Ireland v Wales The Legend Of The Terrible Eight

8 The Terrible Eight


13 March 1914 Balmoral Showground, Belfast

This match is remembered as ‘The Roughest Ever’ and was the day of ‘The Terrible Eight’,  the Welsh pack that won the battle against eight very strong Irish opponents.

The evening before the game the captain of Wales, The Reverend Alban Davies, decides to take his team for a quiet night out at the theatre

Davies, Alban Rev. Rev Alban Davies

Some versions of the story state that there was brawl in the theatre, and that the police had to be called,  however eye witness accounts state that Doctor William”Billy” Tyrell told Welsh forward Percy Jones: ‘It’s you and me for it tomorrow.’ Jones, a colliery foreman, smiled and answered: ‘I shall be with you, doing the best I can.’

Another Wales forward asked: ‘Can anyone join in?’ And so they did!

Players fought when the ball was not near them and some should have been sent off, but Mr.Tulloch, the referee from Scotland, took little notice.

It was one of the all-time best punch-ups and Jones said: ‘The fun just went on and on.’

But after the match Jones was told by Tyrell that he was the best Welshman he had ever come across, adding: ‘You’re the only Welshman who ever beat me.’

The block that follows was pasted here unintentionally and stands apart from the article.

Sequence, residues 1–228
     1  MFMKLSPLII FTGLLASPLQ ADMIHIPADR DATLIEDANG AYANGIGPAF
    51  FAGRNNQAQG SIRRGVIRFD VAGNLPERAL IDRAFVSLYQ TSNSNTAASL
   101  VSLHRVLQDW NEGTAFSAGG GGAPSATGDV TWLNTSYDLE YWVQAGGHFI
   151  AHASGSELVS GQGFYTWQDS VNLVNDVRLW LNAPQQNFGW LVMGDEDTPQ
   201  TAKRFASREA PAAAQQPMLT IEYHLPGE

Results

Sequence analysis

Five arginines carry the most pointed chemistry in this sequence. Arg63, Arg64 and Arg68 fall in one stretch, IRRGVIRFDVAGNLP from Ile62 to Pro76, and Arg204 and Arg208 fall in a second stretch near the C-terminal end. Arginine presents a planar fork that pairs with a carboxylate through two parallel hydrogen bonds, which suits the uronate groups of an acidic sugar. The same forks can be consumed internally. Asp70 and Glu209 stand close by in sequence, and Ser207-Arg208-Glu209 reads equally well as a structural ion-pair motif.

The pair signed each others menu-card and in 1951, the president of the IRU, now Sir William Tyrell, and retired collier and now hotelier, Percy Jones, sat together during the match in Cardiff.

Ireland led with skipper Alex Foster’s try, but Wales clawed back the lead with Bedwelty Jones scoring the equalising try. Two weeks later he signed for Oldham Rugby League club.

Selected Irish captain Dicky Lloyd was photographed before the match with his team, but strained a tendon in the warm-up and Harry Jack was called up for his second cap, playing at scrum half with Victor McNamara switching to outside half. Jack’s third cap came in 1921 and he later became president of the Fiji Rugby Union.

For the first time Wales’s pack had remained unchanged throughout the season, but the First World War now intervened and Wales did not play an official match for five years and one month.

The Rev. Alban Davies died in Los Angeles at the age of 90, while both Tyrell and Jones lived to the age of 82, dying within six months of each other.


Ireland – Try: Alec Foster .

Wales – Tries: Bedwelty Jones, Ivor Davies, Jack Wetter. Con: Clem Lewis.



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